Truth in Web Digital Identity?
Most of us, when we go to a website and see the little lock at the top of the browser, don’t think twice and trust that we are communicating with the right company or organization. However, this is no longer the case because of a rather radical development that has largely occurred without notice or intervention by almost everyone. The web now has its own rapidly spreading version of CallerID spoofing that is about to get worse.
Thirty-five years ago, the National Security Agency working with the private sector, developed what has proven the most important and widely used means for digital identity trust. It is known as the Public Key Infrastructure digital certificate or “PKI cert” for short and was specified in a global intergovernmental standard known as ITU-T X.509.
The idea was simple. Any organization that wants to be trusted goes to a special provider known as a public Certificate Authority (CA) who is supposed to verify certain essential identity basics, and then issue a unique, encrypted key — the PKI cert — to the organization with its identity information securely contained. The platform was approved by all the world’s governments and became the basis for trusted digital identity globally. Europe added further trust features through an ETSI Electronic Signatures and Infrastructures standards group.
Then came the World Wide Web with sites all over the world as a kind of universal user interface to billions of people. The problem was that users couldn’t trust who was actually running the websites. So a little over ten years ago, the five companies which produce most of the world’s web browsers got together with most of the CAs to develop a standard for vetting organization identity for trusted website certificates and display that information in a little lock icon that appears at the top of the browser. They collaborate and reach agreements through an organization known as the CA/Browser Forum. The activity has very far-reaching, fundamental cybersecurity consequences as they control who gets trusted, how verification occurs, and how that trust is provided to billions of users around the world.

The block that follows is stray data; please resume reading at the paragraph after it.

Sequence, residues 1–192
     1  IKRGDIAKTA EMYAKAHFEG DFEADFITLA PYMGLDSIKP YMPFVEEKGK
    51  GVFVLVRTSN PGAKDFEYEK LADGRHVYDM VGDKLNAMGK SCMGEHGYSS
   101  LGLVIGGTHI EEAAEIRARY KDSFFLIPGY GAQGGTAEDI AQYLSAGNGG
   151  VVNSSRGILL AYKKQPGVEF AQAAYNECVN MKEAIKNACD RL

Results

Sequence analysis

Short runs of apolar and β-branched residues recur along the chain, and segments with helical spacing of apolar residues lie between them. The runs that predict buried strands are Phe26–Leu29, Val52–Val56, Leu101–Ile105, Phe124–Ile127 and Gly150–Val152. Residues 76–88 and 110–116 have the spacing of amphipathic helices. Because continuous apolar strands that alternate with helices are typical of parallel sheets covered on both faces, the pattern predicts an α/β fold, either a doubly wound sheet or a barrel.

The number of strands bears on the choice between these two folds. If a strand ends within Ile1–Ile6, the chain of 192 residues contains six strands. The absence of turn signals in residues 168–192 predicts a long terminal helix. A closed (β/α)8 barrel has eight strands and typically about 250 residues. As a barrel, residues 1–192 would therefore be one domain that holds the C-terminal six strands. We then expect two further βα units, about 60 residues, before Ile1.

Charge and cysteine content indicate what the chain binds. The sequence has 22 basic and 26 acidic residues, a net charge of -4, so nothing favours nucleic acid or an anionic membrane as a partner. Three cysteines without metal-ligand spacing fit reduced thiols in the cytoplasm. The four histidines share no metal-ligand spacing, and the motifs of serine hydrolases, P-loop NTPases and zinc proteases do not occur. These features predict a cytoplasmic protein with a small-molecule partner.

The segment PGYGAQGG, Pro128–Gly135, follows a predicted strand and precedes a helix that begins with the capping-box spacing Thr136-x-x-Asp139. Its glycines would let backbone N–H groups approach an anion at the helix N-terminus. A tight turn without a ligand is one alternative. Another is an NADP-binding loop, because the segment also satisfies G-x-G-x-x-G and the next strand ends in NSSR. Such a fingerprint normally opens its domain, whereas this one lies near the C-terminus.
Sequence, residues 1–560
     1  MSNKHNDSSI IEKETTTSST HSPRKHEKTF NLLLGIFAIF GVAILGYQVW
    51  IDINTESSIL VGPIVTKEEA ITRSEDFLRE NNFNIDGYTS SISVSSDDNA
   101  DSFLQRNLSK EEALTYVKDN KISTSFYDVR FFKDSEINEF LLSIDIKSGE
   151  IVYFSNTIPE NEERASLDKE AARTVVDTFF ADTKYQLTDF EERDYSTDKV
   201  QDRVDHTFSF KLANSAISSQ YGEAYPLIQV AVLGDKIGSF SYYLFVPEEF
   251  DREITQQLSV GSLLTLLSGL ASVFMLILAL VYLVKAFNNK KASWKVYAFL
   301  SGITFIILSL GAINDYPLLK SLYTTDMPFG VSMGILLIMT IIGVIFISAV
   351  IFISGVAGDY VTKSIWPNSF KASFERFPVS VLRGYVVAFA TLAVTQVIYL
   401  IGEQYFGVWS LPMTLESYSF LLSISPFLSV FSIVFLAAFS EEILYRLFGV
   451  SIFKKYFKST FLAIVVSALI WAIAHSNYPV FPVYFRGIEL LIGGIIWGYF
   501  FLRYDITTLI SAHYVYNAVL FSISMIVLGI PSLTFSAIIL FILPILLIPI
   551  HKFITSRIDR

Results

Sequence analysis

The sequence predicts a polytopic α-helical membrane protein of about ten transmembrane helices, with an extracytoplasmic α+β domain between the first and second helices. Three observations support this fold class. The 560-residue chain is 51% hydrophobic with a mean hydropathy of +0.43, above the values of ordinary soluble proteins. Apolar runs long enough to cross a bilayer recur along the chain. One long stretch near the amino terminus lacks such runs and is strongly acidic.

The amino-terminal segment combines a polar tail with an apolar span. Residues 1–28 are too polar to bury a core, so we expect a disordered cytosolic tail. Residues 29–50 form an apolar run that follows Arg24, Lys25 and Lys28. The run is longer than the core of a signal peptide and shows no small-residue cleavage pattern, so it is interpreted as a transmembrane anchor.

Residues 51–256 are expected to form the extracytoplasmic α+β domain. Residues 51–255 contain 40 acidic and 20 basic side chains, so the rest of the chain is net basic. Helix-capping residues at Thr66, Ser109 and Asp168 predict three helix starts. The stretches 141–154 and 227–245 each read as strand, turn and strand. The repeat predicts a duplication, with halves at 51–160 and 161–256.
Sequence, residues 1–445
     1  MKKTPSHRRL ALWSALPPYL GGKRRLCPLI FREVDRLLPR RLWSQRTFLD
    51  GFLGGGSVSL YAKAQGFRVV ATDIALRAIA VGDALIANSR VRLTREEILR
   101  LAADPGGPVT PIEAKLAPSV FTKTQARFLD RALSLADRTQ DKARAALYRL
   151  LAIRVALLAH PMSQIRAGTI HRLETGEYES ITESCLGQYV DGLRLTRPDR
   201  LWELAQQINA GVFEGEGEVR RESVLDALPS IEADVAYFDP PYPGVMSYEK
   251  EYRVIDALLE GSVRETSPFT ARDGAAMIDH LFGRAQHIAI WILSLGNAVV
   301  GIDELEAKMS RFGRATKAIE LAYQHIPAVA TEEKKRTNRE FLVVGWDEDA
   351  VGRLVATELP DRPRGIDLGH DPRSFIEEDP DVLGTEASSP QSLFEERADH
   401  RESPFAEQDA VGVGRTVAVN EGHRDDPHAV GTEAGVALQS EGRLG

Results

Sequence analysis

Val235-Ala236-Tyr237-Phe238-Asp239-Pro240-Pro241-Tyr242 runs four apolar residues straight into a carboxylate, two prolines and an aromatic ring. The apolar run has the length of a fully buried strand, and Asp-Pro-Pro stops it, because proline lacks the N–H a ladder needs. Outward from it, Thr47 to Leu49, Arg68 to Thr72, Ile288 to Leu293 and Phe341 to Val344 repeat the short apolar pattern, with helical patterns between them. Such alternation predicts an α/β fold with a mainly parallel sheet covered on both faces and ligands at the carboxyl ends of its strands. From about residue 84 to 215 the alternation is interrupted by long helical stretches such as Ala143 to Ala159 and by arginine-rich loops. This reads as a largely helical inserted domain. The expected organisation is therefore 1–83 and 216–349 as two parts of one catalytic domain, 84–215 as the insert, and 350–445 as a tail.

Until relatively recently, as required by well-established global standards and practices, the PKI certs had some substantial vetting of an organization’s identity, which was then coded into the certificates and displayed to end-users in the browser lock. There was even a high trust certificated known as an “extended validation certificate” that turned the locked green in most browsers and displayed the validated name.
However, starting in 2013, several parties started up a 501(c)(3) non-profit corporation in Silicon Valley (Internet Security Research Group) to dramatically disrupt the digital identity world by issuing free, zero-trust, instant certificates with no organization identity vetting. These so-called Domain Certificates were then marketed commercially beginning in 2016 under the registered trademark Let’s Encrypt® and browser vendors were asked to recognize them as a trusted CA. If you see one of these Let’s Encrypt certificates (identified as “DST Root CA X3) and click on the lock, the Subject Organization identity information is completely missing and simply says “unknown.” It is caveat emptor.